Archive for March 31, 2013

Sunday, March 31, 2013

Universal Procedure Pointers

Uli Kusterer:

A UPP was a simple data structure that described the calling conventions and location of a PowerPC function in RAM, and started with a 68000 instruction. This data structure could be handed to any system function where it expected a callback, and could be executed by 68000 code just like a function pointer.


But of course the Intel CPU didn’t have that [endian] switch. And since an emulator only knows about raw bytes, the PowerPC emulator (“Rosetta”) in Intel Macs could not transparently convert the stored bytes. So it was decided to not allow mixing of PowerPC or Intel code at all. There would only be a tiny bit of translation at the point when a PowerPC application called into the system.

Hotline Revisited

Benj Edwards:

At the height of Hotline’s popularity in the late 1990s, users could connect to thousands of Hotline servers that suited every imaginable user interest. Many of them catered to underground tastes, providing pornography, MP3s, and warez (pirated software) with almost free reign, which attracted the lion’s share of media attention during Hotline’s heyday. But beneath the sensational headlines, strong communities formed through Hotline that led to lifelong friendships and emotional support groups.

10 Things You Need to Know About Cocoa Autolayout

Ole Begemann:

Unfortunately, using autolayout with Interface Builder forces you to be careful. For instance, if you find that you need to replace one control with another, deleting the original from your layout can lead IB to automatically create a bunch of new constraints that you then need to modify manually (again) once you have inserted the replacement control. It is probably not a good idea to constantly try to optimize your constraints while your layout is still in a state of flux. Better do it at a later stage when it is more stable.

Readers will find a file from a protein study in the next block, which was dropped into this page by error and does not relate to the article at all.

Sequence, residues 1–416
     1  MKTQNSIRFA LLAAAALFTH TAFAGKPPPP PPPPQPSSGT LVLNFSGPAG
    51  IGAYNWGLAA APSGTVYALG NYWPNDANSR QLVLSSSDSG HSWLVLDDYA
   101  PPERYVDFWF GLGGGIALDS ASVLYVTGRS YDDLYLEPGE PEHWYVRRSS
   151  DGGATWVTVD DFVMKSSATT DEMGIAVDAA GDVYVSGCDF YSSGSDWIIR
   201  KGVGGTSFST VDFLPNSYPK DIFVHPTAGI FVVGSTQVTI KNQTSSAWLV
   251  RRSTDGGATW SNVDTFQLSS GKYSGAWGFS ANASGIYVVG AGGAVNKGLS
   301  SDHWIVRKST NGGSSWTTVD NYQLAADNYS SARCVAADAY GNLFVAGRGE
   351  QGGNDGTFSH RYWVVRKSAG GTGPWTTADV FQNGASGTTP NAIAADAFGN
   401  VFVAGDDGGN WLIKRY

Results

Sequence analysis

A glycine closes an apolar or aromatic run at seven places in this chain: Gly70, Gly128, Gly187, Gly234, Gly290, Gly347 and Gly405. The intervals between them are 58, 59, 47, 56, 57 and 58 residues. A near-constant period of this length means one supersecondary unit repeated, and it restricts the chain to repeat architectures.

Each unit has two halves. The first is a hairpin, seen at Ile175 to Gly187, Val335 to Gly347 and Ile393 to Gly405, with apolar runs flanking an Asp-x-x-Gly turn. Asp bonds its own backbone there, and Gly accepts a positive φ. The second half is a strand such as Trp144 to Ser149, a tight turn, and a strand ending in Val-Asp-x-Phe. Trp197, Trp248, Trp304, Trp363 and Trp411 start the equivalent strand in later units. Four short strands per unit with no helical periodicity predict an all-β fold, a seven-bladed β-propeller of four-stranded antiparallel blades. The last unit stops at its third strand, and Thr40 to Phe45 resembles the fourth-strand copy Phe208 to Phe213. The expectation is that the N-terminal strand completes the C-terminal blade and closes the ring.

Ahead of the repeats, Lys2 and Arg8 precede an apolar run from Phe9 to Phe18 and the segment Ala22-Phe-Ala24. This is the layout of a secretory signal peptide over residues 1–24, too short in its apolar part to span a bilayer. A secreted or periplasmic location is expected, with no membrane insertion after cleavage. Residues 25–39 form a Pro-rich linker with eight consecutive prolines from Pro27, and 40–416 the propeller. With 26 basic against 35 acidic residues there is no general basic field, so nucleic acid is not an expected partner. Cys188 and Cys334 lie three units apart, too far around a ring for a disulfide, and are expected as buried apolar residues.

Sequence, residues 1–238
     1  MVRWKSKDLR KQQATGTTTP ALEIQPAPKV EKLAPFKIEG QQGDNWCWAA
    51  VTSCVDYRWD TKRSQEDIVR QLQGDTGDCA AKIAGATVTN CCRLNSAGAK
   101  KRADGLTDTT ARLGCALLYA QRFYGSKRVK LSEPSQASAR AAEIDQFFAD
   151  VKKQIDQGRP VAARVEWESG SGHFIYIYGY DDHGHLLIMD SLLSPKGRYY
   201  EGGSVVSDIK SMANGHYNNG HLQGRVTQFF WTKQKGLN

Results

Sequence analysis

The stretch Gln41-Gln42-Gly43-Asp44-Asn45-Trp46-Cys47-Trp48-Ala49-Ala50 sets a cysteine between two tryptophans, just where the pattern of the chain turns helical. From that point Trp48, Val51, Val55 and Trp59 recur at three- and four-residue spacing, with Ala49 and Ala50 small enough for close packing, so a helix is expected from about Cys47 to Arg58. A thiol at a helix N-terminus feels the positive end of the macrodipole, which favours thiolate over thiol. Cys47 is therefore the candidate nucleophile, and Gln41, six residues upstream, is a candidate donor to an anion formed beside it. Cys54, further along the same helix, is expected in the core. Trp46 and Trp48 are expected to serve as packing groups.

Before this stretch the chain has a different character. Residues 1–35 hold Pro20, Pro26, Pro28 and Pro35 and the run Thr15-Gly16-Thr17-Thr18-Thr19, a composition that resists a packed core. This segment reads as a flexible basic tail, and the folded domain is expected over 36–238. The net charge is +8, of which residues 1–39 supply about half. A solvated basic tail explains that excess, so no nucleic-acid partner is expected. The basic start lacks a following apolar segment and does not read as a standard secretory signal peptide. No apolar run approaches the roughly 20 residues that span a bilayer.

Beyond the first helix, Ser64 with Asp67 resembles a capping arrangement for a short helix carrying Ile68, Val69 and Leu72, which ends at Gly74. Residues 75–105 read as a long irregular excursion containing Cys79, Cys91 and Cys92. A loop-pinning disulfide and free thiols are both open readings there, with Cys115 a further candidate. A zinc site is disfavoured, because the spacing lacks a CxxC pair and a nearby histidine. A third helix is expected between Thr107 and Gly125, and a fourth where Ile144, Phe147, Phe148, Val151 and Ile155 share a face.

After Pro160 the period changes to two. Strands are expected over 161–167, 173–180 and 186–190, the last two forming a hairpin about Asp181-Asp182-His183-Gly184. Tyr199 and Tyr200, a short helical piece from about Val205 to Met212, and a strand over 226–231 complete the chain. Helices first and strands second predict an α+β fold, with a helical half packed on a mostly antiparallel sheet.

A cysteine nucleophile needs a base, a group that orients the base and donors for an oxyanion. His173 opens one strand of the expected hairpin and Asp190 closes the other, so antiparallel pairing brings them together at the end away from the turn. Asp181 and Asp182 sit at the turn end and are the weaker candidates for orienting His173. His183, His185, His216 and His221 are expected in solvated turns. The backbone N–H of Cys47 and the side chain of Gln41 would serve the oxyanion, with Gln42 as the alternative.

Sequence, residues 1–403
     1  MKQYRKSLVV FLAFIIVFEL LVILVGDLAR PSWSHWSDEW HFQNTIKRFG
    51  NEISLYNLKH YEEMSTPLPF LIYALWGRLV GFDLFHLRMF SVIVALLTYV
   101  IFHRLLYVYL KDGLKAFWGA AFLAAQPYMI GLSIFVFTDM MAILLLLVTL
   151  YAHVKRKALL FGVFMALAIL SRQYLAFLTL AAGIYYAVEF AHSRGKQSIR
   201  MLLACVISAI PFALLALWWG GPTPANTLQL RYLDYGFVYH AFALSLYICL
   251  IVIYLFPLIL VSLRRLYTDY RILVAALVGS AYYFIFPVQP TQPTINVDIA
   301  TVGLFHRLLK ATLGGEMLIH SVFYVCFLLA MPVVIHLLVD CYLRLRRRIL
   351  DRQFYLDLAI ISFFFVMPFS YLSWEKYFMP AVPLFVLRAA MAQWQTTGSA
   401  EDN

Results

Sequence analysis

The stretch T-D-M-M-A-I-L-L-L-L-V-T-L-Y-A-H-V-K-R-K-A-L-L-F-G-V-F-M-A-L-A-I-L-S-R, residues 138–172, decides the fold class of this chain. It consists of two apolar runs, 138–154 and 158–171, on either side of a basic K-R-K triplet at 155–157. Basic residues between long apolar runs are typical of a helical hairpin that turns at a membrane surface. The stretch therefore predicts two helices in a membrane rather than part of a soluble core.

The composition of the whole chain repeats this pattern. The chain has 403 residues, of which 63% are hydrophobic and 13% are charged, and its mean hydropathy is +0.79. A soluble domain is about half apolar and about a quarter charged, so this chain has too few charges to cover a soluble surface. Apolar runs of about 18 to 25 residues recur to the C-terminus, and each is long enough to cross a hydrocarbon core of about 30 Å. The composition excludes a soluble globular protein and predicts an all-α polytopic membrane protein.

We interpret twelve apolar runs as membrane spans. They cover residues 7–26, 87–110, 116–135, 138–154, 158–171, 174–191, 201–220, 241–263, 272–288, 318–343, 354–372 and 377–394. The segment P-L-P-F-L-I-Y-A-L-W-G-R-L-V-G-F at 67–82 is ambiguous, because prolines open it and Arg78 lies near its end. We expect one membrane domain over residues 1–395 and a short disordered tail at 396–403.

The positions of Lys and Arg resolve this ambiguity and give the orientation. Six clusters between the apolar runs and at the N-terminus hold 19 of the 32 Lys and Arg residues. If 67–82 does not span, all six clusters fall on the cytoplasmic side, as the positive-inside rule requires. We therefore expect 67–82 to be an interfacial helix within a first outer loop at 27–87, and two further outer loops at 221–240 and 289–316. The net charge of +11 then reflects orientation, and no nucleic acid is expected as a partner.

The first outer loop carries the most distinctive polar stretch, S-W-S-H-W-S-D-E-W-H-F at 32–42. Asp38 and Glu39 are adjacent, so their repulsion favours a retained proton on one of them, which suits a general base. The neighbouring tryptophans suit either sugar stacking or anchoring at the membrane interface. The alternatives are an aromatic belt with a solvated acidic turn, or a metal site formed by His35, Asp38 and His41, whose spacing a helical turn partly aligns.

Wil Shipley:

Constraints: The coolest technology in 10.7 masked by the WORST interface editor ever inflicted on humans.


Algolia is a closed-source indexing and search engine for multiple platforms, with an Objective-C API. Apparently it’s faster and more efficient than Search Kit, which has languished and is not available for iOS.

Low-Cost iPhone

Pierre Lebeaupin:

But I think the most important reason is that having dedicated base models would allow Apple to sell devices where the hardware design flaws of yesterday (visible or invisible) are fixed, instead of having to keep having to take them into account in the next X years of software updates.

I recently came across a guy who was lamenting that he had just bought an iPhone 4. He had heard of Antennagate but thought Apple had fixed the problem. Yet, almost three years later, the iPhone 4 is still shipping with the same flawed antenna design. He’d spent the past week visiting a major US city, where his friend’s iPhone 4S consistently had better coverage on the same network.

Periodically I hear about cheap Android phones, and I’m about to chime in that there’s a “free” iPhone model, too. Then I remember my own horrible experience with the 4. I can’t believe Apple is still selling it.